Ideally, if you’re holding your baby in the NICU, we’d love for you to hold your baby for up to three hours. It’s important to pump right before you hold your baby skin-to-skin, because those happy hormones are going to be released while you’re holding your baby, and your breasts can fill quickly.
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I don’t want you to be full and uncomfortable when you’re supposed to be enjoying time with your baby.
Since oxytocin, that happy hormone, is released during holding, it can really improve and stimulate your milk supply! So, pumping right after you hold your baby may help you pump more breast milk than usual.
Even though we don’t want to place a ton of focus on the amount of breast milk you’re pumping, as someone who’s pumped before…there is definitely a more satisfying feeling when you pump more ounces than usual!
7. It’s okay to wean!
Can I say this again for my sweet mamas in the back? It is OK to wean. It is OK to stop pumping.
Pumping is not for the faint of heart. When you’re walking through the traumatic NICU journey with highs and lows, added stress, and constant driving to and from the hospital…pumping breast milk on top of that may drain you of what you have left.
We know that breast milk supports the developing gut and gastrointestinal system of medically fragile babies.
It is a wonderful thing to do for your little one while they’re in the NICU. Plus, it’s a great way to know that you’re supporting development, even when you can’t be at the bedside.
But…I want you to remember that babies also grow and thrive on formula and donor breast milk.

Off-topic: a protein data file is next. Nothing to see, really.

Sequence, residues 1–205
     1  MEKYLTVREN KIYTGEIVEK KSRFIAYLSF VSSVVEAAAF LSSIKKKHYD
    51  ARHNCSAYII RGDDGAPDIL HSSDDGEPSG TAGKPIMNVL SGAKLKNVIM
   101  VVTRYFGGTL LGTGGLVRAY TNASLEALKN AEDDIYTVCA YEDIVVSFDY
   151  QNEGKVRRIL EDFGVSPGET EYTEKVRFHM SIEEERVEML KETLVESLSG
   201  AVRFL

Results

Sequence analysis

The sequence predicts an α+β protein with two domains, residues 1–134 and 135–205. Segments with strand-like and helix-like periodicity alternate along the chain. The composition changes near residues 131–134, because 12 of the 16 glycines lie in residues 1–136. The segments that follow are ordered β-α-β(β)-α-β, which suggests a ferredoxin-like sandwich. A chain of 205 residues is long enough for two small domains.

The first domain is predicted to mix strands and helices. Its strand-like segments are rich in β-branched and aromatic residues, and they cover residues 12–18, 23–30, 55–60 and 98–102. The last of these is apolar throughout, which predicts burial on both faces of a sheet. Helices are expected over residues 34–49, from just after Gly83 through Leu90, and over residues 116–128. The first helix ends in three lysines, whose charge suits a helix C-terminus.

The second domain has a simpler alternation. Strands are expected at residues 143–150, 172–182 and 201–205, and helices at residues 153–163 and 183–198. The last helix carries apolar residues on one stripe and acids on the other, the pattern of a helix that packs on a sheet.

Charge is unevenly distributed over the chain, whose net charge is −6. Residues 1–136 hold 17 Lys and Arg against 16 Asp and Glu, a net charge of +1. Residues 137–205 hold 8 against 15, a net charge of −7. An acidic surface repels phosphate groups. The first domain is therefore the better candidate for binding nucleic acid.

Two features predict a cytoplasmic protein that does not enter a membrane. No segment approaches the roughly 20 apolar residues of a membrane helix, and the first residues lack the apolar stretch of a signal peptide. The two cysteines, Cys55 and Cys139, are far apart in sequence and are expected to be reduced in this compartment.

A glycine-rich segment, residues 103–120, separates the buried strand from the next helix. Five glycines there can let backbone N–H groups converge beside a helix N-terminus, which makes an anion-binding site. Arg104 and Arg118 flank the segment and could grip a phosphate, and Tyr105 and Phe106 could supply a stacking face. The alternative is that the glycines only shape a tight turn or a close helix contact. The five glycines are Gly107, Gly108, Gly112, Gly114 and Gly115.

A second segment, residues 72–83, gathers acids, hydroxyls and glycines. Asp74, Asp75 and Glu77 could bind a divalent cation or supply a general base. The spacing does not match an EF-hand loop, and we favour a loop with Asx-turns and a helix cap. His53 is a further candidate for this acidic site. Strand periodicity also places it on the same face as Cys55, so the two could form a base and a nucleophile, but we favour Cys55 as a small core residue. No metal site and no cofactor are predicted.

8. Acknowledge the hormonal response that may occur during let-down.
Have you ever experienced anxiety, heart palpitations, or nausea when you pump or during that initial let-down?
And I didn’t know this at the time, but that is a common feeling many women get when they start their pumping session.
It’s related to the hormonal shift that happens when let-down is initiated.
So, not only is it difficult to find the time, place, and energy to pump breast milk…and it may feel like you have a relationship with your breast pump…but it can also induce nausea and anxiety.
I think if I had known it was a hormonal response, then I would have felt more equipped to cope with that feeling, but I really struggled. And sometimes, pump sessions led to panic attacks, because I felt like the anxiety was out of control.
If that’s you, you’re not alone, and nothing is wrong with you!
9. Create a storage system that works for you!
Wherever your baby is healing and growing, your NICU is going to have set guidelines for how they would like you to provide and store your breast milk.
You may be allowed to store it by bringing it into the hospital in its bottle, and the hospital will store and freeze it for you. If you end up pumping more milk than your baby’s hospital can store, then you will need to figure out a storage system that works for you at home.
There are a lot of different storage options out there. Here are a couple of ideas from other pumping mamas.
Pumping Tips for New Moms (note: this is a non-NICU mama sharing)
However pumping makes you feel, rest in knowing that you truly are doing something incredible for your baby, something unique and specially made for them. But, exclusively pumping can come at the cost of other things.
In that case, give yourself some grace! Know that no matter which method you choose, your baby is being fed. They will grow and thrive.
Give some of these tips a try.
I hope they ease some of the burden of your pumping journey!